I have a quandary. I want to tell everybody about the book I just finished, The Girl With All the Gifts. One of the best things about this book was that I had no idea it was a [insert genre] book. If I’d known it was a [insert genre] book, I probably wouldn’t have picked it up. I want to review this book, but I don’t want to spoil it for anyone who hasn’t heard of it.
On the other hand I’m thinking: lots of people must know about this book because it’s also been made into a film, released only last year. Maybe these folk would like to read a more extensive review to decide if it’s worthwhile reading.
So to meet these competing reader requirements, this is a ‘Choose Your Own Adventure’, where YOU get to decide which review you read.
If you’ve never heard of this book or the film and you think you might read it, for a no-spoilers review… GO TO OPTION A.
If you’ve heard of The Girl With All the Gifts but haven’t read it yet, and don’t know if you should… GO TO OPTION B.
OPTION A – No-spoilers review
Looking at the title and the cover, I thought this was going to be a gentle book about a precocious young girl and her personal journey. It was about a precocious young girl’s personal journey, but it was not gentle.
The book centres on Melanie, a ten year old girl who wishes, like many other 10 year old girls, that she was called something else – she ‘likes the name Pandora a whole lot’ (which means ‘the girl with all the gifts’). However, we learn very quickly that she isn’t like any other 10 year old girl. She is incarcerated. She attends school everyday with other children, but she’s wheeled into the clasroom strapped to a chair so she can’t move her head, hands or feet. Melanie loves to learn and she idolises Miss Justineau, one of her teachers: ‘she sits there wide-eyed, drinking in everything that Miss Justineau says, and memorising it so that she can play it back to herself later, in her cell’.
The book starts out this way, making you think it’s about one thing. Then the clues build up, the pieces start falling into place and suddenly <bam> within a few chapters the book is something else altogether.
I struggled to put this book down; I was riveted right to the last page, and I didn’t predict the ending at all. There are some slightly ghoulish bits, but they’re not overly ghastly and as a counterpoint, it’s not a difficult read. It’s enthralling and escapist – just what you want in a book.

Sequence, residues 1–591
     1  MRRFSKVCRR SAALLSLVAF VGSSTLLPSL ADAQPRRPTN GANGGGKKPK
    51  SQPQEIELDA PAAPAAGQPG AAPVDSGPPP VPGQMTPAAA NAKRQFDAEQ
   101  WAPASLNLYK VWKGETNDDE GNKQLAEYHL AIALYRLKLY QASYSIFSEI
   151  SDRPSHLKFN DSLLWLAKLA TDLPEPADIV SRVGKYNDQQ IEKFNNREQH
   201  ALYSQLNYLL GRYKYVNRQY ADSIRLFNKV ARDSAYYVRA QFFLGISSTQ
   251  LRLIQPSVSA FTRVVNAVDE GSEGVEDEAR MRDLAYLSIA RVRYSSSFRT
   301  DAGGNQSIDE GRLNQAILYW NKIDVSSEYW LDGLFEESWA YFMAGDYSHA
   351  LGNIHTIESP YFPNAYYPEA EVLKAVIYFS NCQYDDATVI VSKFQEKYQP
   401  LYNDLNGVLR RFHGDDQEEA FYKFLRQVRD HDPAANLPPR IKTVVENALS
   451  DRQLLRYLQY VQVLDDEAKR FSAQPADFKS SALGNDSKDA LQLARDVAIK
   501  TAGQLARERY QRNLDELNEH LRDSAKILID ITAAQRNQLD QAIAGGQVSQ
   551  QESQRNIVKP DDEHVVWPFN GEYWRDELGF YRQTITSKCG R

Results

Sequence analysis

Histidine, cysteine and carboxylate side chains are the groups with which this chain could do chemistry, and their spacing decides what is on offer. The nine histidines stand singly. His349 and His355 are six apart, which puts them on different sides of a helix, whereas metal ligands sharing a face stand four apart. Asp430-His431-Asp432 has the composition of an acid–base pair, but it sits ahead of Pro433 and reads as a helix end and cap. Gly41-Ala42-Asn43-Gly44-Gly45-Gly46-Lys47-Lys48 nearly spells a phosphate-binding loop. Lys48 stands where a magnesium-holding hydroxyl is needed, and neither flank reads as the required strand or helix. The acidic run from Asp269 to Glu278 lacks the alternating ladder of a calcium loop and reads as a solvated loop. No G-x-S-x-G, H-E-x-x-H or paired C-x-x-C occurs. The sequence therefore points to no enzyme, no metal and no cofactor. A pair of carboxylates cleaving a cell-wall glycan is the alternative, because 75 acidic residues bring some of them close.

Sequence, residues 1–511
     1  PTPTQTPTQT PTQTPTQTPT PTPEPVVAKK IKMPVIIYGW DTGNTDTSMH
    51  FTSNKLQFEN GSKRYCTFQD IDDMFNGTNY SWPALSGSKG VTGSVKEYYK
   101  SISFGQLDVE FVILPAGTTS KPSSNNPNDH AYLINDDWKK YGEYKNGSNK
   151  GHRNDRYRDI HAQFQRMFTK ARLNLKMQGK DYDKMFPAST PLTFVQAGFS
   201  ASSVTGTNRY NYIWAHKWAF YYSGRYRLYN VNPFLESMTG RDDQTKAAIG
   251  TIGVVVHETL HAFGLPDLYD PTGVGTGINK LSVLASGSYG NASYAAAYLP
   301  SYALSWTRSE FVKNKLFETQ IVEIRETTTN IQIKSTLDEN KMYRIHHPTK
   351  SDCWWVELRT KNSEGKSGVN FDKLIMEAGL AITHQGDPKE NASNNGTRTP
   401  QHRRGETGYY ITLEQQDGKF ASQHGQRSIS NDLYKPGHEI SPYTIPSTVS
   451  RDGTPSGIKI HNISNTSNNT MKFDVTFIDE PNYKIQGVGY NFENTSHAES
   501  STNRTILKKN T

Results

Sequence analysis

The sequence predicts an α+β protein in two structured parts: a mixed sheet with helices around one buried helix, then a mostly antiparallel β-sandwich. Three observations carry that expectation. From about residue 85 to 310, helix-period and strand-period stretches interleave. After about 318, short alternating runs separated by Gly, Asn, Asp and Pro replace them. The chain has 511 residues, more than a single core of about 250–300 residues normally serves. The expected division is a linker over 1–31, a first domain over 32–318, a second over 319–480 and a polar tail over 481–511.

This really is a book that you’ll appreciate more, the less you know. So, you are now excused to buy/ borrow this book at your leisure (and no peaking at Option B).
OPTION B – The full monty
Right. You guys know that this is a book about zombies. It may seem ridiculous, but I HAD NO IDEA. (I missed the bit in the blurb that likened it to The Walking Dead). As I read further into the first few chapters, I became increasingly perplexed, then horrified, but by that stage I was hooked.
I’ve never read a zombie book before and I’ve only seen one serious zombie film (28 Days Later) and one silly one (Shaun of the Dead), so I didn’t know what to expect. Having picked the brains (ha ha) of my zombie-aficionado friend however, I can confirm that The Girl With All the Gifts does not totally follow the usual zombie journey and so even if you’ve reached zombie-saturation point, there’s still plenty in this book to keep you entranced (get it?).
What makes this book particularly special is the central character Melanie. We figure out early on that she too is a ‘hungry’, but she is also a very special child – she is a 10 year old genius, with a voracious appetite (groan) for learning and a huge capacity for empathy and love, which would go unfulfilled but for Miss Justineau, her teacher. The love that these two characters develop for each other, despite Miss Justineau being a potential food-source for Melanie, is properly heart-warming.
The other two main characters, scientist Dr Caldwell and military man Sergeant Parks, are well-drawn in their own right, but they also serve to illustrate the deepening relationship between the child and her teacher, and Melanie’s own journey of self-discovery. The chemistry, distrust and hatred these four characters hold for each other waxes and wanes throughout the novel, sometimes matching the external terrors, sometimes as a result of internal ones.
In tandem with delivering a heart-thumping thriller, M.R Carey delves deep into some philosophical questions – the ethics of experimental science; the im/morality of humans; the impotency of the military and the government. There are also existential moments – as the foursome journey south towards London in search of the mythic human citadel, we see the barren and monstrous landscape that England has become, thirty years after the apocalypse. It is these scenes that unveil to us, and the foursome, just how futile the struggle for survival was for almost all of humanity.
As a bonus to get your imagination truly running wild, it turns out that the storyline is not even all that fanciful, as revealed by the Mirror newspaper here. The Ophiocordyceps fungus, which turns humans into hungries in the book, turns tropical ants into zombie-ants IN REAL LIFE. To wit, a zombie apocalypse is not totally inconceivable.
The Girl With All the Gifts could also be called The Book With Everything You Want: it’s gripping and thrilling but also poignant and it unexpectedly provides a sliver of optimism in what would otherwise be a bleak allegory for humanity. Whether you’re a zombie diehard or a zombie novice, you will devour this book.